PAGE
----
The journey of the gray wolf known as “OR-7” from his home in Wallowa County, Oregon to south of the California border has become a minor modern wildlife epic. It is fascinating to witness the migration of a wild animal through Oregon’s wide-open spaces, tracked by wildlife biologists.
While OR-7’s travels have appeal as a classic Western tale of the wilderness and its perils, it is important to remember that wolves are, in fact, wild. Reintroducing wolves into rural Oregon affects the people and the livestock living there, particularly ranchers who suffer the intimidation, injury, and death of their animals. Wolves exact real costs on ranchers who lose livestock and contend with changes in animal behavior spurred by harassment from a natural predator.
The Oregonian reports that Idaho’s wolf population grew from 35 in 1996 to about 800 in ten years and that Oregon currently has 28 wolves. As Oregon’s wolf population grows, Oregon’s legislature and the Oregon Fish and Wildlife Commission need to listen to the experiences of rural Oregonians living in proximity to freely roaming predators. Ranchers need to be legally empowered to reasonably defend themselves, their families, and their animals.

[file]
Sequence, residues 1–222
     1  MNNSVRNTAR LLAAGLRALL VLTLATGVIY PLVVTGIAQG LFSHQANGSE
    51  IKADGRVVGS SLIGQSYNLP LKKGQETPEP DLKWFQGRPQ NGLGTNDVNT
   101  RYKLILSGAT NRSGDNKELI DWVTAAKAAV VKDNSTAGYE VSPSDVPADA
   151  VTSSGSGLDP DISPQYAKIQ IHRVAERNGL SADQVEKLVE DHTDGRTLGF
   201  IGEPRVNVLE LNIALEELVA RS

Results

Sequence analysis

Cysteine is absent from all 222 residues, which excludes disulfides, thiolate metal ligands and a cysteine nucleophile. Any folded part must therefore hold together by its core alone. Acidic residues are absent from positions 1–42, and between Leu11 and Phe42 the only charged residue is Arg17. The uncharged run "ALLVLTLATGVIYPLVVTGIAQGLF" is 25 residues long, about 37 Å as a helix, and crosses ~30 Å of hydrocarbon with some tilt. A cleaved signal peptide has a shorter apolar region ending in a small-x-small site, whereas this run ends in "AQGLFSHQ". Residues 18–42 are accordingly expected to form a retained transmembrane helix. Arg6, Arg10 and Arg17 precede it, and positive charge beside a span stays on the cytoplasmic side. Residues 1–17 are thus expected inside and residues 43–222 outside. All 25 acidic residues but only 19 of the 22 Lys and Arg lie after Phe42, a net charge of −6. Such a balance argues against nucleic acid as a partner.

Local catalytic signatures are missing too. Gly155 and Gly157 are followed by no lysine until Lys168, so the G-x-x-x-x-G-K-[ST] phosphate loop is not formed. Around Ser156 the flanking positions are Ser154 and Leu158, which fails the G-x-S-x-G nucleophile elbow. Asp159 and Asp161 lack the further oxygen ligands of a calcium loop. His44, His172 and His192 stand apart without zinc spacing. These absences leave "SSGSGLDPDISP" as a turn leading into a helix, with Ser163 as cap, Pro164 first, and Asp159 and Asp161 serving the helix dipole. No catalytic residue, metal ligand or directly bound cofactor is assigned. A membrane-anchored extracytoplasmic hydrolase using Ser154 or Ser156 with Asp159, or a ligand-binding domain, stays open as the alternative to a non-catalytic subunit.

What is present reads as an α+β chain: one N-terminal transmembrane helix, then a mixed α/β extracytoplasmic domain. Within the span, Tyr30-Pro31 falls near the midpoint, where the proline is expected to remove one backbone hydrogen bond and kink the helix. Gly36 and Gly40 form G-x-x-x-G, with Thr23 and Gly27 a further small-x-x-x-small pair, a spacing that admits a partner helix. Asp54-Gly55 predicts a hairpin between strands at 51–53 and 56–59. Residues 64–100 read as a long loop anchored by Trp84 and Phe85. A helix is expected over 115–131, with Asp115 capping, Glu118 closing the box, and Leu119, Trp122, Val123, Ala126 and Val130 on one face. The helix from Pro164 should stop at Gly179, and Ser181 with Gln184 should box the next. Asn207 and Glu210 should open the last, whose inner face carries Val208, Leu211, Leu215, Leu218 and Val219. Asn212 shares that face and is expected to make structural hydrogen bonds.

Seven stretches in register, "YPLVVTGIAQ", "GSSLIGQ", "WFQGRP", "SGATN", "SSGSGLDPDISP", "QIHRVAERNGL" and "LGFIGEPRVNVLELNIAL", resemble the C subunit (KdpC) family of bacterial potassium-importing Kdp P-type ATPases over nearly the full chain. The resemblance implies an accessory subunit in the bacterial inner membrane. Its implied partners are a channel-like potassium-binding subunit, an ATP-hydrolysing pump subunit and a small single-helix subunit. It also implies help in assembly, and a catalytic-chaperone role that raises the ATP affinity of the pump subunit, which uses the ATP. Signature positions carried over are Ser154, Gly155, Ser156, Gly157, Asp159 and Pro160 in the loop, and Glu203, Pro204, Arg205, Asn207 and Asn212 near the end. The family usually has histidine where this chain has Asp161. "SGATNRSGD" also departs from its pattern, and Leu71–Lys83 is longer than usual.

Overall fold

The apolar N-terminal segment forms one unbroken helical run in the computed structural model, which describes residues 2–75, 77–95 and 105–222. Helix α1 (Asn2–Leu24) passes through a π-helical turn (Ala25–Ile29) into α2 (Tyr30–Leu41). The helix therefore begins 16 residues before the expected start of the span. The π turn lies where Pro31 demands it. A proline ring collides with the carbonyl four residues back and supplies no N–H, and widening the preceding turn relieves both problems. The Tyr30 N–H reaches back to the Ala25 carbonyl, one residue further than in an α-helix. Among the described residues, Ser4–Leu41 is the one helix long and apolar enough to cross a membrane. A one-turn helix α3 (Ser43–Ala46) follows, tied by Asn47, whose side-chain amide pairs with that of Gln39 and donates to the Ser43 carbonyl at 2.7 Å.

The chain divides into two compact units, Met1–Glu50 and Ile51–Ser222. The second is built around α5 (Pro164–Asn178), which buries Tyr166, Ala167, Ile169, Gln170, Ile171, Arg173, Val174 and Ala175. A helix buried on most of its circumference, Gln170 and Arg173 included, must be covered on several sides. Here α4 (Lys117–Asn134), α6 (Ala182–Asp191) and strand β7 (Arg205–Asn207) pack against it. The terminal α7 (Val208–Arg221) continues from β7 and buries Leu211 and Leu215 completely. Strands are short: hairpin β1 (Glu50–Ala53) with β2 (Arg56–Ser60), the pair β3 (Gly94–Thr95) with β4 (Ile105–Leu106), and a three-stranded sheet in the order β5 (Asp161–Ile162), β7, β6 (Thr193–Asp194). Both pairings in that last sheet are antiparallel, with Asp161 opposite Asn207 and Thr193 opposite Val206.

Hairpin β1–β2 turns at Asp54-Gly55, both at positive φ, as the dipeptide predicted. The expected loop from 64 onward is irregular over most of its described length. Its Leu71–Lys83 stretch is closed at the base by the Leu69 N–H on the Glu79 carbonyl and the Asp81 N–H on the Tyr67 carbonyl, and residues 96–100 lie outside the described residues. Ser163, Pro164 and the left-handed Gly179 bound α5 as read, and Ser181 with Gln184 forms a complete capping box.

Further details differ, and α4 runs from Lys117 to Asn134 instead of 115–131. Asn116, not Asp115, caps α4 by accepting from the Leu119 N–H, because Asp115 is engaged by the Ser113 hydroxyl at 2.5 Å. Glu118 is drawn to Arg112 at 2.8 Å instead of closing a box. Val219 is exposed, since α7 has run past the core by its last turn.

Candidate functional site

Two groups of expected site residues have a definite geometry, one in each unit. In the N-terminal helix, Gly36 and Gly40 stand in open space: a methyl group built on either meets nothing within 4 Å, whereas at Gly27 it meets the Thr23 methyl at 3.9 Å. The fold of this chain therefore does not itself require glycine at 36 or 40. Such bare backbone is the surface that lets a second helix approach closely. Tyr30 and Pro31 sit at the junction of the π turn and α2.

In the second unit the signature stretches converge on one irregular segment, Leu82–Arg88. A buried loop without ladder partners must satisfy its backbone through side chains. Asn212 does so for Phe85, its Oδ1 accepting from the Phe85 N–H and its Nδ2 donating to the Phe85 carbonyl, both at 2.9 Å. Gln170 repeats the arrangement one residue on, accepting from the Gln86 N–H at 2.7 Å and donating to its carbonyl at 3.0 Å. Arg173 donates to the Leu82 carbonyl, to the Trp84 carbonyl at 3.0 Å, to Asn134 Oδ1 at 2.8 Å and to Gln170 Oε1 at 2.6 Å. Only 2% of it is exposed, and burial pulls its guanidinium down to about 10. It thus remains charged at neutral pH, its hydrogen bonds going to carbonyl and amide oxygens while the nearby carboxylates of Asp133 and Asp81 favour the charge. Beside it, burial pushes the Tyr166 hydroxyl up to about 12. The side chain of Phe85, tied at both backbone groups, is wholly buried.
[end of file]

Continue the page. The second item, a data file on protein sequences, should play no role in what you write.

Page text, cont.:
OR-7’s exploration of the wilds of Oregon may be a true-life adventure for those who watch Internet videos of him from hundreds of miles away. But for rural Oregonians watching wolves cross onto their property near their cattle, the tale of the wild wolf is not so romantic.
Note: On Wednesday the Oregon Legislature was scheduled to vote on House Bill 4005. If passed and signed by the governor, the law would allow ranchers who lose livestock to wolf depredation to receive some compensation in the form of a tax credit.
This week John Charles is in Honolulu, HI where he will be speaking at two conferences related to a proposal there for a new light rail line. John will be explaining why so-called ‘transit-oriented development’ doesn’t work the way planners think it does.
Tuesday morning, John was interviewed by local TV station KHON-2 News where he spoke about the pros and cons of fixed rail transit versus “rubber tire” bus service and the benefits of one over the other for Hawaii and most locations around the world.
Click here to view the full 3-minute interview.